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The Weekend Neos Kosmos : 22 July 2017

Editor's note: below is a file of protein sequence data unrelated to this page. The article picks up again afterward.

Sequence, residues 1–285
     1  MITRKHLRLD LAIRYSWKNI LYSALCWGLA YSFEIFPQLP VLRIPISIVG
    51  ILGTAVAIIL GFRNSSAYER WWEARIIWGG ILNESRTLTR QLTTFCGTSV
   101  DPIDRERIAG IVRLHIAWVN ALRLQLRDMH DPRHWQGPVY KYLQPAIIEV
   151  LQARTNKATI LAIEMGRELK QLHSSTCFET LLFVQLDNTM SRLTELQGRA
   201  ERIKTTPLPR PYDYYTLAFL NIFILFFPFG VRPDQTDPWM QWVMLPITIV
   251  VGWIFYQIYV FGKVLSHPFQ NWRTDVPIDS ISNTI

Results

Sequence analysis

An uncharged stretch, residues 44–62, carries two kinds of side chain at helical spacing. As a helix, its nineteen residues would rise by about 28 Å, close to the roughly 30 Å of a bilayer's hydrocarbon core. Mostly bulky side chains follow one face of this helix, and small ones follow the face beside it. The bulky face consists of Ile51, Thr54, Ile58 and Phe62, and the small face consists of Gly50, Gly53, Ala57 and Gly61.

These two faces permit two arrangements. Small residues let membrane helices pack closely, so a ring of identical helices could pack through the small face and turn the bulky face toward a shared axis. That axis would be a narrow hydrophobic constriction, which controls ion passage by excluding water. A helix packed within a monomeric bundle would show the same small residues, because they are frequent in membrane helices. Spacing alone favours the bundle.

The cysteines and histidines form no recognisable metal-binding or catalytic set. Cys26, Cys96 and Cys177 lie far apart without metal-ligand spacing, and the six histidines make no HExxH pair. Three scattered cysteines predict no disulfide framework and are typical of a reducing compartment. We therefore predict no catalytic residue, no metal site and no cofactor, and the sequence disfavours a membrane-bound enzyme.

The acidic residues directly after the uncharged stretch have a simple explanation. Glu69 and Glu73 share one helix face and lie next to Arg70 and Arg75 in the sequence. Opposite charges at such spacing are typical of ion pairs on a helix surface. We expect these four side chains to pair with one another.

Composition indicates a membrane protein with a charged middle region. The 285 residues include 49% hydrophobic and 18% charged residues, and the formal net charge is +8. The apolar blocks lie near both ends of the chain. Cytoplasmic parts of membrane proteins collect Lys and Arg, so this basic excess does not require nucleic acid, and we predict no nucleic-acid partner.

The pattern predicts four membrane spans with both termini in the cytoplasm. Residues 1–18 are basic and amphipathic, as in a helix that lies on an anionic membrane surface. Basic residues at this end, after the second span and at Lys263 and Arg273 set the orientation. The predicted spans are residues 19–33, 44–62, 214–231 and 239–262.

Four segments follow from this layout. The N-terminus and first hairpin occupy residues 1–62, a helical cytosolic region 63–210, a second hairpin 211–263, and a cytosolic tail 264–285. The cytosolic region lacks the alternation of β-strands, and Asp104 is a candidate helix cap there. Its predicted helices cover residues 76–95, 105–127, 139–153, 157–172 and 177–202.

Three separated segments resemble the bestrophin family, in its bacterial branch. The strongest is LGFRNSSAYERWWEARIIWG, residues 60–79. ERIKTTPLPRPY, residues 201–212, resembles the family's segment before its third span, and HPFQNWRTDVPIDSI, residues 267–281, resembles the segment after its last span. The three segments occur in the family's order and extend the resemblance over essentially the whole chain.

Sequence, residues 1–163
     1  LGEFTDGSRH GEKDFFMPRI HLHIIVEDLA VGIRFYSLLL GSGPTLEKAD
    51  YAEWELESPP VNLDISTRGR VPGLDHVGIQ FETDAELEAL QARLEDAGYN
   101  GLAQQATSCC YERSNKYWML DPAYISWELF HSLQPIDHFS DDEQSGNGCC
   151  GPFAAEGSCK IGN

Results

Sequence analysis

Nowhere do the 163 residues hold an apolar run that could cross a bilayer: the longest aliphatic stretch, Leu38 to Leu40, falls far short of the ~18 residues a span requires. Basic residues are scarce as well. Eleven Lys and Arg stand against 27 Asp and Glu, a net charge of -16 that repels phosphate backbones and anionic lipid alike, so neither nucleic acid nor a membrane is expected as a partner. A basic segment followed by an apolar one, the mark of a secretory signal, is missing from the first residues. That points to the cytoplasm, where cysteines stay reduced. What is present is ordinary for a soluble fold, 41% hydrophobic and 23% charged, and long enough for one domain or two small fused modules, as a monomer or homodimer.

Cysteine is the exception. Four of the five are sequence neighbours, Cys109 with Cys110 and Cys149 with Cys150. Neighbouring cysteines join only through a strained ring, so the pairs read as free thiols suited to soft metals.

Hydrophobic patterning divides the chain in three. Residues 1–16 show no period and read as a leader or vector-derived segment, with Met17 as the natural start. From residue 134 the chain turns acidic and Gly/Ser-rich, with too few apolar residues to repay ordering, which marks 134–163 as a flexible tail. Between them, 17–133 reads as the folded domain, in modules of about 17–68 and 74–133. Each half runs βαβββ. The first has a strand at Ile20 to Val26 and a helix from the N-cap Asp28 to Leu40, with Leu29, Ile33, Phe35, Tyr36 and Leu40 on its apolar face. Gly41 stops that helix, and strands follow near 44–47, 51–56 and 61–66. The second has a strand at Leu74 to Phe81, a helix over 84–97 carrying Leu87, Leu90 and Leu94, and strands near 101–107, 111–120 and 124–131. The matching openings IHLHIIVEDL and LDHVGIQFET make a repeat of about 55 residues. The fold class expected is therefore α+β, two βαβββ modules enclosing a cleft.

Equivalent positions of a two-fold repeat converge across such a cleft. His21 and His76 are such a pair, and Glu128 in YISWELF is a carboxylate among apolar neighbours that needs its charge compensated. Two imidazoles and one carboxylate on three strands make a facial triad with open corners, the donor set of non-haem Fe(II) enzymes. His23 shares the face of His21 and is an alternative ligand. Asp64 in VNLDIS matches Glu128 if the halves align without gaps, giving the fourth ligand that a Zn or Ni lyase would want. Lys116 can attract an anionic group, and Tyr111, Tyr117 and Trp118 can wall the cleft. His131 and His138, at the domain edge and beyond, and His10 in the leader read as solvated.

DIGITAL.NEOSKOSMOS.COM THE WEEKEND NEOS KOSMOS | SATURDAY 22 JULY 2017 5 CYPRUS FEATURE Daniel Andrews Matthew Guy Maria Vamvakinou Jenny Mikakos Politicians have hope for a reunified Cyprus Forty-three years have passed since the summer of 1974, and the Cyprus issue is still a matter that divides, not just the island itself, but Greece and Turkey, the United Nations, the European Union and so on. While the dream of a country without barricades lived on during 2016 with hopes of reunification reaching their climax two weeks ago, in the first week of July 2017, it became clear this island is bound to be divided. The latest talks saw the two sides argue once again about the sharing of power; the idea of a decentralised state fell on stony ground as Turkish Cypriot leader Mustafa Akıncı, could not see the removal of his troops and the reunification of the island under a federal umbrella. Akinci and Greek Cypriot President Nicos Anastasiades have both staked their political careers on a solution, however the first will not comply with the terms of the latter. At the end of the latest UN talks on Cyprus held in the Swiss Alps, the intergovernmental organisation's secretary general, Antonio Guterres, announced the collapse of the deal to the reporters saying: "I wish the next generation good luck on this and that one day maybe Turkish Cypriots and Greek Cypriots will decide together that there is no longer a need for troops on the island." Meanwhile, the Turkish foreign minister, Mevlüt Çavuşoğlu, blamed the deadend on insistence of Athens and the Greek Cypriot side for Ankara to pull out its 40,000 strong military force on the island entirely. "For Turkey and the Turkish Cypriot side it is not acceptable for troops to be withdrawn," he said adding that Turkish Cypriot citizens will be concerned for their safety, with Greece's foreign ministry spokesman Stratos Efthymiou answering that there cannot be talks of a federal Cyprus with "occupation troops on its soil and Turkey clinging to the right of unilateral intervention". "This is a non-starter for us," he told the Guardian before departing from Switzerland. "We were willing to negotiate [troop numbers] but Cyprus is an independent EU state. It is not acceptable for a third state to have the unilateral right of [military] intervention in 2017." These days, the memories of the Turkish invasion of 20 July 1974 come to life not only on Aphrodite's island but all over the world, as one in three Cypriots became refugees overnight. Melbourne, being the city with the third largest population of Greeks outside the motherland, has also become the home of thousands of Cypriot people. DANIEL ANDREWS The Victorian Government recognises the Republic of Cyprus as a sovereign, and indivisible country. Moreover, we affirm our continued support for a diplomatic resolution and the reunification of the island. We believe that a diplomatic resolution is the best hope for the demilitarisation of Cyprus and, eventually, its reunification. Every community has the right to live in peace and to enjoy the benefits that peace confers. We are hopeful there will come a time when the Greek and Turkish Cypriot people can live peacefully side-byside. MATTHEW GUY On this 43rd anniversary of the tragic events of 1974, I send my best wishes to our Greek Cypriot community, as it comes together to commemorate this most important occasion. During this time we remember the courageous men and woman of Cyprus who lost their lives and loved ones during one of the most tragic periods in Cyprus' history. Despite the numerous efforts over so many years, no resolution has been reached, yet the pain, suffering and loss for so many continues. Solving the Cyprus issue is important for so many involved. The Liberal Nationals coalition supports a just and lasting settlement and hopes that common sense prevails, with all parties acknowledging that living in harmony with mutual respect of each other's basic rights, culture and religion benefits all. The events of 1974 led to the displacement of thousands of Cypriots as refugees to many parts of the world, including Victoria, where they have made their home, become an integral part of our social fabric and contributed significantly to Victoria. The coalition regards the diversity of Victoria as one of our greatest assets and encourages all people to persevere, enhance and share their heritage and maintain their language. I wish all those participating in the commemorative events all the best for the future and encourage all Victorians to continue to work to ensure that Victoria remains Australia's most cohesive and harmonious multicultural state. MARIA VAMVAKINOU Marking 43 years from the black anniversary of the invasion, all of us who care and hurt for Cyprus and its people, we are called to contribute to change what has been done and abolish the status quo of division which holds our Cyprus broken in two. Despite the disappointment that came with the failure of the Cyprus issue talks in Crans-Montana, I firmly believe that I speak for the majority of the Labor party, for the Australian Parliament and the Australian people, when I say that we are at the disposal of the island’s leaders and the people of Cyprus; we pledge to help their efforts reach, as soon as possible, a fair, viable, functional and normal solution, where all Cypriots will feel - and will be - safe. A solution that will both reflect and service the legitimate expectations of the Cyprus people; a solution that will reunify our Cyprus with the hope of a better, fairer and creative future. Even though Cyprus talks have reached an impasse, I hereby call the leaders of Australia to support all efforts for a peaceful and viable solution that will safely lead to the reunification of Cyprus, under the umbrella of prosperity and justice for all its residents, including the Cypriots of Australia. In spite of those 43 years that have passed since the 1974 events, the disappointments and the dead-ends our efforts to reach an agreement regarding the Cyprus issue, our memory of the tragedy and the injustice that is being carried on has not faded. On the contrary, it deepens our persistence to fight. The ultimate goal, for those of us that care, agonise and strive for Cyprus is and will be the ending of the division, which does not only affect the rights and interests of the Greek Cypriots but also of the Turkish Cypriot people; of all Cypriot people. Our goal is the reunification of the island . . . and with Gough Whiltam’s example as a compass, we remain firmly by the side of the Cypriot people and we insist on claiming a fair, viable and safe solution to the Cyprus issue based on what has been decided by the UN, international law, basic human rights and all the European Union has established. JENNY MIKAKOS It is a tragedy that Cyprus remains divided. It saddens me that even after 43 years now, we continue to wait and hope that a resolution can be found. I've had the fortune of visiting this beautiful island and have vivid memories of driving through the buffer zone in Nicosia. It is an experience that will stay with me forever. As Australians, we are fortunate to live in a harmonious, multicultural and democratic nation where tolerance and diversity are rightly celebrated. It is my hope that every person on earth is blessed with such fortune. It is my hope that there will come a time when both Greek and Turkish Cypriots can live together, side by side and a lasting peace can be realised. Peaceful co-existence in a free and democratic Cyprus would be a just and dignified outcome for all and help to ensure the undoubted economic prosperity of Cyprus can be fully realised. I stand with all of the Cypriot community in Australia in seeking the reconciliation of Greek and Turkish Cypriots. I am grateful for the resilience of the Cypriot community of Australia and thank them for their tireless work. Like them, I look forward to the day when this matter can be fully resolved and that Cyprus can be whole again.